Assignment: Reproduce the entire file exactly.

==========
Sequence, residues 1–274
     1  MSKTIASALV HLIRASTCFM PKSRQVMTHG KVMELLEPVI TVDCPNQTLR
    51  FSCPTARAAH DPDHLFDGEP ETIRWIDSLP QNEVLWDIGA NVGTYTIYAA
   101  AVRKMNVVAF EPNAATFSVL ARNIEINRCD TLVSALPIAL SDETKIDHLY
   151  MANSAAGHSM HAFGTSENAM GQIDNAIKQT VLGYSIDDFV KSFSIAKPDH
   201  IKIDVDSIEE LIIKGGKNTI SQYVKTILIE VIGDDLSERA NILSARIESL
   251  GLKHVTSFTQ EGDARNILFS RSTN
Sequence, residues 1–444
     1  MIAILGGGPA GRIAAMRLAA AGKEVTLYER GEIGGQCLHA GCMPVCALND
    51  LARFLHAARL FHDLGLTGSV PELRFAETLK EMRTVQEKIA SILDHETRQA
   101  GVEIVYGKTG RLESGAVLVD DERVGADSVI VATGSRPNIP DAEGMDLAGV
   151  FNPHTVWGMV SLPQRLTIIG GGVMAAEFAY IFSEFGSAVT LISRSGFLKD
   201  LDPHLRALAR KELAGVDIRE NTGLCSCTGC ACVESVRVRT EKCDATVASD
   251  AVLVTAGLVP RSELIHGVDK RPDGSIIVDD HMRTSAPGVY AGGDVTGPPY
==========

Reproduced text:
Sequence, residues 1–274
     1  MSKTIASALV HLIRASTCFM PKSRQVMTHG KVMELLEPVI TVDCPNQTLR
    51  FSCPTARAAH DPDHLFDGEP ETIRWIDSLP QNEVLWDIGA NVGTYTIYAA
   101  AVRKMNVVAF EPNAATFSVL ARNIEINRCD TLVSALPIAL SDETKIDHLY
   151  MANSAAGHSM HAFGTSENAM GQIDNAIKQT VLGYSIDDFV KSFSIAKPDH
   201  IKIDVDSIEE LIIKGGKNTI SQYVKTILIE VIGDDLSERA NILSARIESL
   251  GLKHVTSFTQ EGDARNILFS RSTN
Sequence, residues 1–444
     1  MIAILGGGPA GRIAAMRLAA AGKEVTLYER GEIGGQCLHA GCMPVCALND
    51  LARFLHAARL FHDLGLTGSV PELRFAETLK EMRTVQEKIA SILDHETRQA
   101  GVEIVYGKTG RLESGAVLVD DERVGADSVI VATGSRPNIP DAEGMDLAGV
   151  FNPHTVWGMV SLPQRLTIIG GGVMAAEFAY IFSEFGSAVT LISRSGFLKD
   201  LDPHLRALAR KELAGVDIRE NTGLCSCTGC ACVESVRVRT EKCDATVASD
   251  AVLVTAGLVP RSELIHGVDK RPDGSIIVDD HMRTSAPGVY AGGDVTGPPY